Although we focus here on the online sale of fake toys, the issue is not limited to online platforms.
Toys are one of the top categories of counterfeit products seized by customs in the EU and are widespread in the US. Just recently, nearly $1.3 million in counterfeit toys were seized in NY.
Customs and Border Protection officers found more than 141,000 UNO card games 9,600 LOL Surprise! Under Wraps balls, and nearly 2,000 LOL Surprise! Under Wraps capsule toys.
In the UK, counterfeit versions of toys, including the LOL Surprise! Dolls have been found to contain phthalates, a toxic chemical that can harm the body.
Children’s toys should be about joy, discovery, and exploration.
Choosing toys for our children, we should have a safety-first approach to protect them. The issue of children safety places a heavier burden on toy companies to fight counterfeits. We expect toy companies to be concerned with our children’s safety.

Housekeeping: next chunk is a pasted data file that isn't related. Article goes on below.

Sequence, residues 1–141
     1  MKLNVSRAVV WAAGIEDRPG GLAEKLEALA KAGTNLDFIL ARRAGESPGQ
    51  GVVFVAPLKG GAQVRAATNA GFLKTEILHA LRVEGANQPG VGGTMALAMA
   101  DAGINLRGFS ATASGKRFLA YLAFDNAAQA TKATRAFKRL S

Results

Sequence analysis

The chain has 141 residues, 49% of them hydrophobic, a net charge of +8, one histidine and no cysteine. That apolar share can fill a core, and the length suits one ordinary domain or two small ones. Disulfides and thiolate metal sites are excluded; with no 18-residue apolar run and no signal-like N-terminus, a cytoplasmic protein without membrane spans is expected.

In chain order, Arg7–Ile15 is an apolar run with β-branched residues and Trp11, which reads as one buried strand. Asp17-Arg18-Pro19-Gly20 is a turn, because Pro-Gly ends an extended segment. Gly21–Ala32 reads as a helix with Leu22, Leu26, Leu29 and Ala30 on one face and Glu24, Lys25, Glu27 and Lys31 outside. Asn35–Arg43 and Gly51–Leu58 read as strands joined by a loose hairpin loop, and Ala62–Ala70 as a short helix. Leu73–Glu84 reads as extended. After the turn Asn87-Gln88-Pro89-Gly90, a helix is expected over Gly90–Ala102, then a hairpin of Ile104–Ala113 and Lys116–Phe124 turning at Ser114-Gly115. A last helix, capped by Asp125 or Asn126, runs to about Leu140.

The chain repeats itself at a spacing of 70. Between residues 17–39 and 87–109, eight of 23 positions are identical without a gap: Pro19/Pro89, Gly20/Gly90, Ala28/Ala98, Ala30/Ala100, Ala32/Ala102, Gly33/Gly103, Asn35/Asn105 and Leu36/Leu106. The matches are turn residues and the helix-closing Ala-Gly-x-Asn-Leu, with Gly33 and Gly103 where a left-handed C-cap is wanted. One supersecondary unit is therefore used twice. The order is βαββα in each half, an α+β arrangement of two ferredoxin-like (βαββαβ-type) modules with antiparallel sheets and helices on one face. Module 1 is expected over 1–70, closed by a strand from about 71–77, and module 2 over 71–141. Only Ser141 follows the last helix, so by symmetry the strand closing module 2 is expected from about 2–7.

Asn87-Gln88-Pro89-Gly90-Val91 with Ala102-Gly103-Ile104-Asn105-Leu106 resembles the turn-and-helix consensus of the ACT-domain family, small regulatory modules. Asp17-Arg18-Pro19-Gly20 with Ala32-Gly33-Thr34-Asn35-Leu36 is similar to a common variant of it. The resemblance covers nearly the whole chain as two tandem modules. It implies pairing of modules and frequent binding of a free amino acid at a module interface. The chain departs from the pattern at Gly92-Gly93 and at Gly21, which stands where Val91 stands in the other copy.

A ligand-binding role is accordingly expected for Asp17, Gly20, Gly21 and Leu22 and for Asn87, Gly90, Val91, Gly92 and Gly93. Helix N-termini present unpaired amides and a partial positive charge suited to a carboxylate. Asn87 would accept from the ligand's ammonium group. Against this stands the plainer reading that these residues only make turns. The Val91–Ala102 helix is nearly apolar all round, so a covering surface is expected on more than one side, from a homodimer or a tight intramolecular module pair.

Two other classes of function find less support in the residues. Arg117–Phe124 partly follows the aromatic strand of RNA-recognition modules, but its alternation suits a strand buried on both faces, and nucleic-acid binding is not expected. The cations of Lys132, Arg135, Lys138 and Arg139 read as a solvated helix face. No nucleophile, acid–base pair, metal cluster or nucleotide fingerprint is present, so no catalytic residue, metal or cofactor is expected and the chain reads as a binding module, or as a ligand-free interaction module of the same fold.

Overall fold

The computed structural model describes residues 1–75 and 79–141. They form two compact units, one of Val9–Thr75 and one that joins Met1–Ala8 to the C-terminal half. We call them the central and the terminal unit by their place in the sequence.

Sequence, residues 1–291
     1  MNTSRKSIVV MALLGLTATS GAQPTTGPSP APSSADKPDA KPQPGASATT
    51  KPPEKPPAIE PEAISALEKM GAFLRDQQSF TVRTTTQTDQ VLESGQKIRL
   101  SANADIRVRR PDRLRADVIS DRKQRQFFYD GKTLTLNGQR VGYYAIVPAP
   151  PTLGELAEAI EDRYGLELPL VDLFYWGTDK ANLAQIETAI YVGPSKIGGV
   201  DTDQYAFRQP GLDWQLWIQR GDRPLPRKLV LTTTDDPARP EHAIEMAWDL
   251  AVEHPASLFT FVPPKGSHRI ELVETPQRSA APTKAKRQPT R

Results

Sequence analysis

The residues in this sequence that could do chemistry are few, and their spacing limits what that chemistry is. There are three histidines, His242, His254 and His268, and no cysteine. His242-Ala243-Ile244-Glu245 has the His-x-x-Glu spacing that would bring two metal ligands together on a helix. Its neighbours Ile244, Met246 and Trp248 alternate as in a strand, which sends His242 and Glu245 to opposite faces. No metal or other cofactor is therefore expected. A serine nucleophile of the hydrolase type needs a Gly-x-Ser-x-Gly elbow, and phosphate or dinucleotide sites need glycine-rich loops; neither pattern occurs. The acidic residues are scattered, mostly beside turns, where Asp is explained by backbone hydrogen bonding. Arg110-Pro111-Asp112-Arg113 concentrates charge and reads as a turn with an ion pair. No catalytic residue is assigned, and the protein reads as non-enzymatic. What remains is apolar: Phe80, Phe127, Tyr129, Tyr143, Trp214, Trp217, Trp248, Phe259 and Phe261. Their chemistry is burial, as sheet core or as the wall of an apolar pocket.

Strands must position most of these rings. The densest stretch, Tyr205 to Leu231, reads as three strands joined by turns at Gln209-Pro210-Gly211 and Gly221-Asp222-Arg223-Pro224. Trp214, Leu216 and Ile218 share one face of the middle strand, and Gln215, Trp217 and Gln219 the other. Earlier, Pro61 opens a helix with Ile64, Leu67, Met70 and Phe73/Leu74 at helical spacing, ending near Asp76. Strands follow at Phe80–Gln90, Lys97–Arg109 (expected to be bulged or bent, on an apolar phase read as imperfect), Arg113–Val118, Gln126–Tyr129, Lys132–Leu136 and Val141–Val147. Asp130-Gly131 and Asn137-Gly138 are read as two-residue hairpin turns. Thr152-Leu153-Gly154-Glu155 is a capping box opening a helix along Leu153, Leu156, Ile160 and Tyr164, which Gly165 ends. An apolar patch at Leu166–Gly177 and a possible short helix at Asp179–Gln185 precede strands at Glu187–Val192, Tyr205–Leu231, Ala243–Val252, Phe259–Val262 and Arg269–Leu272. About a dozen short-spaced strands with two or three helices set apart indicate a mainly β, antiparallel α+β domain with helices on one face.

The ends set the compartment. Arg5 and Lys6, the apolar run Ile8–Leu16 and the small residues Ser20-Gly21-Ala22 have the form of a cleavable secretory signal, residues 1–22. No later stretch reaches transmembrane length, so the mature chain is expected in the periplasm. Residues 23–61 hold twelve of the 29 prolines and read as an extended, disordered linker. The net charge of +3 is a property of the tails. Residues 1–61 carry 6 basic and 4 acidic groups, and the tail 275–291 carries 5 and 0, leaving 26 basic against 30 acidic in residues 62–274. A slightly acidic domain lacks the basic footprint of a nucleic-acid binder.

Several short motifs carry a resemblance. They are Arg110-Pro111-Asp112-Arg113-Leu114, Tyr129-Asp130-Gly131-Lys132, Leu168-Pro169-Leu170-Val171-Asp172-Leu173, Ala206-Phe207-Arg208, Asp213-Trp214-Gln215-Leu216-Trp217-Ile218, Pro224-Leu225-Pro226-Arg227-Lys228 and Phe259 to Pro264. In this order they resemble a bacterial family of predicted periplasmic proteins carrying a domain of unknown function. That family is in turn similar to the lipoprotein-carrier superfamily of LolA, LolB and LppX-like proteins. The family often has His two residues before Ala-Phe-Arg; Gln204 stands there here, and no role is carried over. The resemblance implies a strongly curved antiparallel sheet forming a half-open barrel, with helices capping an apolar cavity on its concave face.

But the question is not only ethical, but it is also practical. Toy companies build consumer trust. If consumers feel that a brand or a toy has many counterfeits, it may make them more likely to buy a toy that they feel is less counterfeited and therefore safer.
Wiser online brand protection solution for toys
We do not want to put our children at risk. Counterfeit toys do exactly that. They are not safe, they are illegal, and should not be sold in physical stores or online.
Toy companies who wish to avoid the risks and the negative coverage should address the issue of counterfeits.
Wiser Market online brand protection agency helps toy brands and other legitimate children’s products manufacturers to combat the sale of counterfeit products.
We use our advanced monitoring system and proprietary algorithm to detect fakes and other IP infringements. Detection is followed by analysis to construct the best means for counterfeit removal and elimination. We monitor continuously, so when previously removed products or sellers reappear, we immediately remove them, even if they change their names, the images they use etc.
Our team of brand protection analysts has years of experience protecting online intellectual property from brand abuse. We provide exceptional customer service and are proud to deliver unrivaled results at attractive costs.
As a leading online brand protection agency, Wiser Market offers a 360° solution. We protect children, and we believe it is the best way to protect your business, revenue, and reputation.